Worth the read. And worth taking a stand for private institutions.
By Ryan T. Anderson And Leslie Ford
March 5, 2015 7:09 p.m. ET
San Franciscans are currently debating a simple question: Should the government respect the right of Catholic schools to be authentically Catholic?
San Francisco Archbishop Salvatore Cordileone thinks so. But eight California senators and assemblymen sent the archbishop a letter last month, saying that his actions in issuing new faculty guidelines “foment a discriminatory environment in the communities we serve.” On Feb. 23, two of the signers even asked the California Assembly Labor and Employment Committee and the Assembly Judiciary Committee to investigate the archdiocese’s actions.
Here’s the back story. During contract renegotiations with nearly 500 staff members last month, the archdiocese issued an updated faculty guide for its Catholic high schools. The addendum introduced three new clauses—which staff members are required to “affirm and believe”—denouncing masturbation, pornography, same-sex marriage, contraception and other issues that, in line with Catholic teaching, are described as “gravely evil.”
These beliefs shouldn’t surprise anyone familiar with the Catholic Church—the 2,000-year-old institution has clearly defined its moral teachings throughout the years. Yet lawmakers objected, contending in a Feb. 17 letter to the archdiocese that the new guide is “divisive.” They asserted that by spelling out the teachings of the Catholic Church and requiring high-school staff to not publicly undermine those teachings, teachers could be dismissed for private decisions not in accord with Catholic teaching.
The archbishop responded, calling the idea that the clauses could apply to an employee’s private life a “falsehood” in a Feb. 19 letter. Then he put a question to the lawmakers: “Would you hire a campaign manager who advocates policies contrary to those that you stand for, and who shows disrespect toward you and the Democratic Party in general?” Of course they wouldn’t, and Archbishop Cordileone summed up the problem: “I respect your right to employ or not employ whomever you wish to advance your mission. I simply ask the same respect from you.”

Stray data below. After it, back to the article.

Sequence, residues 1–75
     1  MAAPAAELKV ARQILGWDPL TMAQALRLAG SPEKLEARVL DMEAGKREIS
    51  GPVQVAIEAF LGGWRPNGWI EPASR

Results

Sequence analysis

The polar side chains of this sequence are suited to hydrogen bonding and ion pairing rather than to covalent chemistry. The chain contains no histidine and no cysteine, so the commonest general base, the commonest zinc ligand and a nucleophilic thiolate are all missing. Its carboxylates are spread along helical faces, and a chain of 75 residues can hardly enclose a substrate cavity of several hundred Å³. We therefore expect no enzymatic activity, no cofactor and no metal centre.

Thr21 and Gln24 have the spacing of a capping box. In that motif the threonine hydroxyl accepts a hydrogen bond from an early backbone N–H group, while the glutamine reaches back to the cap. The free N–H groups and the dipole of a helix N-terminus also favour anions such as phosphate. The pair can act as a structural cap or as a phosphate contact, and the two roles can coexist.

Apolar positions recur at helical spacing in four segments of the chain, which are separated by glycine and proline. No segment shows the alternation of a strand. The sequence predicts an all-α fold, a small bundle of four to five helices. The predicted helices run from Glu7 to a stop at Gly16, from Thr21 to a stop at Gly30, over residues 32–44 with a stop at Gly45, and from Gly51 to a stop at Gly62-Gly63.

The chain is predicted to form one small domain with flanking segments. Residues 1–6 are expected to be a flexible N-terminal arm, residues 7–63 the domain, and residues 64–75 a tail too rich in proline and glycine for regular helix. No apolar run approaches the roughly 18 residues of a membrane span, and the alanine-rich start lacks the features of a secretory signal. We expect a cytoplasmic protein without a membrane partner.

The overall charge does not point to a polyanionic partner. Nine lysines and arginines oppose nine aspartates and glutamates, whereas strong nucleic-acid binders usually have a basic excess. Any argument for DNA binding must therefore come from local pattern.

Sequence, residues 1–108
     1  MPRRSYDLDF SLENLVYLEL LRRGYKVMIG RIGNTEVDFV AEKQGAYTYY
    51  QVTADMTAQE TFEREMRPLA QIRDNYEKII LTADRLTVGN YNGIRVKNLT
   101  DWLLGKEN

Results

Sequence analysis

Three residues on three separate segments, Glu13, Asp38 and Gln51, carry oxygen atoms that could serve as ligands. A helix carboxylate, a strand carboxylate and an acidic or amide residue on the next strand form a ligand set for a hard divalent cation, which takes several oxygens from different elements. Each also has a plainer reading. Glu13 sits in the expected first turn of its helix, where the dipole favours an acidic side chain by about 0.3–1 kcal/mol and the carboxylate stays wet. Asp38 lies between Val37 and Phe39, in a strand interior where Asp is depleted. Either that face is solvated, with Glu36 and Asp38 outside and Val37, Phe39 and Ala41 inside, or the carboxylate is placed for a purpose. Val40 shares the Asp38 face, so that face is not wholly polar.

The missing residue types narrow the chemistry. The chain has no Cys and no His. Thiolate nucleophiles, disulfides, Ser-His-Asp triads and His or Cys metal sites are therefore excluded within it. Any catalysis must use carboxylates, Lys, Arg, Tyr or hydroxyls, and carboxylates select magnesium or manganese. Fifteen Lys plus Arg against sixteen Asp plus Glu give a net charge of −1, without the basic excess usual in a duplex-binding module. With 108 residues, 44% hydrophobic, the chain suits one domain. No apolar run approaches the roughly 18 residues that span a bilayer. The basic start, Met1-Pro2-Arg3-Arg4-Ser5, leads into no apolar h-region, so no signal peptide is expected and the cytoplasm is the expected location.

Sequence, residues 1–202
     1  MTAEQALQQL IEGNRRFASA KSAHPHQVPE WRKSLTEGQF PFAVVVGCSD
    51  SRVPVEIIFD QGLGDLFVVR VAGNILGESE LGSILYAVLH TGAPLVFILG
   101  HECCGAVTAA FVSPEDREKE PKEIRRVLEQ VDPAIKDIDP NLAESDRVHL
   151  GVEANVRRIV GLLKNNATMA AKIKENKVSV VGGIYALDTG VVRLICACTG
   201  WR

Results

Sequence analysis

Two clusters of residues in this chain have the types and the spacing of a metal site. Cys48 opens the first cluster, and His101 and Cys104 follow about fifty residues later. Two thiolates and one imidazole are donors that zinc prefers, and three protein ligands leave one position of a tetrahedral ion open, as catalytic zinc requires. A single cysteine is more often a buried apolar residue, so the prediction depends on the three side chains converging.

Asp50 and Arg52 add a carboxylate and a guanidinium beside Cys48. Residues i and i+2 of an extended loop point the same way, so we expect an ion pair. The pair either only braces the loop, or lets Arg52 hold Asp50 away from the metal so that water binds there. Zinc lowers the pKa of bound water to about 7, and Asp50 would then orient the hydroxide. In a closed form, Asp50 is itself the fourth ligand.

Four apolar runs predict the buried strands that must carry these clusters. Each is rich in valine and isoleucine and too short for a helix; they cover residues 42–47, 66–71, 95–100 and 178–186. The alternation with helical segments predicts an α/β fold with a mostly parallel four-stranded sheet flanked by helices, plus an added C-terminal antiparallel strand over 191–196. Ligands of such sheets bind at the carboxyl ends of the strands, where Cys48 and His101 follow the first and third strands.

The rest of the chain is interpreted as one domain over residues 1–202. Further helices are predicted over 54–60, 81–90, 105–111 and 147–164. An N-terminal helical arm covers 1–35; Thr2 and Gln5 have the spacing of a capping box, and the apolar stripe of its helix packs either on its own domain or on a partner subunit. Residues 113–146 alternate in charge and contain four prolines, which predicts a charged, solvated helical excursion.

Archbishop Cordileone also explained that the mission of Catholic education is to ensure that students receive a complete education: intellectually, spiritually and morally. If teachers are to fulfill this goal, they must be consistent in what they teach in the classroom and in what they advocate in the public square.
American business and civic institutions frequently make choices to remain true to principles even when it is unfashionable or may hurt their bottom line—for example, CVS last year pulled cigarettes from shelves, calling the sale of tobacco “inconsistent with our purpose—helping people on their path to better health.” This choice is even more essential for religious schools, which must be able to have teachers who support—or at least don’t publicly attack—the school’s beliefs. Lawmakers shouldn’t be using threats of governmental investigation to control those decisions.
Yet similar coercion is taking place throughout the country. Last year, the New England Association of Schools and Colleges opened an investigation into Gordon College—a Christian school. The association gave the college a year to review its conduct standards, which ask all members of the Gordon community to live by the Christian virtue of chastity—with the implication that Gordon could be at risk of losing accreditation. Gordon is currently undergoing that internal review and says it plans to submit a report later this year.
Elsewhere, the Department of Health and Human Services’ contraception mandate has created a comparable threat for Notre Dame and Wheaton College—both of which are plaintiffs in ongoing lawsuits. That mandate forces religious schools to provide and pay for coverage of abortion-inducing drugs, contraception and sterilization regardless of a school’s religious objection. The law would compel these colleges either to stop offering health insurance altogether—and incur steep fines—or to violate their deeply held beliefs.
In January, Washington, D.C., Mayor Muriel Bowser signed the euphemistically titled “Human Rights Amendment Act.” The bill would compel Washington’s private religious schools to violate their beliefs about human sexuality by recognizing LGBT student groups or hosting a “gay pride” day on campus. The bill is currently under congressional review.
Provided private schools meet basic standards of safety and education, the government shouldn’t be in the business of coercing them to conform to someone else’s moral beliefs. After all, many families send their children to private schools precisely to escape government moral indoctrination. It is because of these schools’ distinctive creeds that families sacrifice to afford sending their children to private religious schools. Government officials should respect the ability of such schools to witness to their faith.
This is why public policy should protect Archbishop Cordileone’s decision to ensure that Catholic high schools retain an authentic Catholic identity. The revisions to the school handbook foster an equilibrium between institutional integrity and personal liberties. This freedom is exactly what allows all Americans—in whichever school they choose to attend—to live in a diverse and civil public sphere.
Mr. Anderson is the William E. Simon Fellow and Mrs. Ford a research assistant in the Heritage Foundation’s DeVos Center for Religion and Civil Society.